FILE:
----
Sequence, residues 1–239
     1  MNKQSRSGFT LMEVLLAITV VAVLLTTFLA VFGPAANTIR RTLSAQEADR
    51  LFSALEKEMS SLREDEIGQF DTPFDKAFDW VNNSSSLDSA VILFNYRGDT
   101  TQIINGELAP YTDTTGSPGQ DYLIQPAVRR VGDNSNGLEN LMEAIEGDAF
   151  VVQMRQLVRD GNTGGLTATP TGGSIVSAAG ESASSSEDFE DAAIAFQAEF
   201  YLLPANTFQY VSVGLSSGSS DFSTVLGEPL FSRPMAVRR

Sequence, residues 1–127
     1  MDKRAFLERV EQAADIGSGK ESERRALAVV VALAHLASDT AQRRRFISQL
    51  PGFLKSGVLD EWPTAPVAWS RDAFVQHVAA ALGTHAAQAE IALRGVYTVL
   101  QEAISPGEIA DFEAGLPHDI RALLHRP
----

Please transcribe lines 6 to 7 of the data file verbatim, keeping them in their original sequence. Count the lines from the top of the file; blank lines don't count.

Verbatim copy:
   201  YLLPANTFQY VSVGLSSGSS DFSTVLGEPL FSRPMAVRR

Sequence, residues 1–127